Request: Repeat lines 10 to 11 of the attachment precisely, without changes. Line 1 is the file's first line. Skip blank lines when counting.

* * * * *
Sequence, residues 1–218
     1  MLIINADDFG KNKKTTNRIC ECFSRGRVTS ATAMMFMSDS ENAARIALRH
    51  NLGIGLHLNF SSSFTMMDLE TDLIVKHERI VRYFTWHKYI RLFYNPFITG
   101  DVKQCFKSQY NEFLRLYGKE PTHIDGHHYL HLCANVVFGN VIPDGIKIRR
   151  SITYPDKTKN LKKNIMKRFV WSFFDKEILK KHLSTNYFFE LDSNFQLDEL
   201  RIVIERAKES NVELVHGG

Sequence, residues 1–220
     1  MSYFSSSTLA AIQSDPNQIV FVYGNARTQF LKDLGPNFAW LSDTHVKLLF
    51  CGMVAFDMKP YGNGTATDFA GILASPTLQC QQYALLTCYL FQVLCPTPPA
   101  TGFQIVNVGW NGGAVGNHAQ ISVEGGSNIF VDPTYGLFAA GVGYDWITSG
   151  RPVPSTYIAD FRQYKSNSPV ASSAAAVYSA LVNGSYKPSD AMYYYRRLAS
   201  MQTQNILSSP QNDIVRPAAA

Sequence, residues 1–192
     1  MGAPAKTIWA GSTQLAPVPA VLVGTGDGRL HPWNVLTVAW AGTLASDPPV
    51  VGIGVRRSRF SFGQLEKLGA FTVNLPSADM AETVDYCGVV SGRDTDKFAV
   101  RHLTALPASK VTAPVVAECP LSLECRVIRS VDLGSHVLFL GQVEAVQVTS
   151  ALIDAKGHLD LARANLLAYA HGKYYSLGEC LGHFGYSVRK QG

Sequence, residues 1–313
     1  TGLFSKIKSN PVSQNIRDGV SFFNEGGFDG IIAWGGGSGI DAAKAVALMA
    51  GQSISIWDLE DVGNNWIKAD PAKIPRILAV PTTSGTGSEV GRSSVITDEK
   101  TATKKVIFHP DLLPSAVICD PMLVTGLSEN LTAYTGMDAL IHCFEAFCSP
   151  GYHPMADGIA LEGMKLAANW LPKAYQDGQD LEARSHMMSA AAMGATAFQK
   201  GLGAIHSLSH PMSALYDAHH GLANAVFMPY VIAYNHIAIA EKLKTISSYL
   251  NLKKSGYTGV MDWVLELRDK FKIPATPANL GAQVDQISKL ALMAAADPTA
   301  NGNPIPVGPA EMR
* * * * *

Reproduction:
   101  TGFQIVNVGW NGGAVGNHAQ ISVEGGSNIF VDPTYGLFAA GVGYDWITSG
   151  RPVPSTYIAD FRQYKSNSPV ASSAAAVYSA LVNGSYKPSD AMYYYRRLAS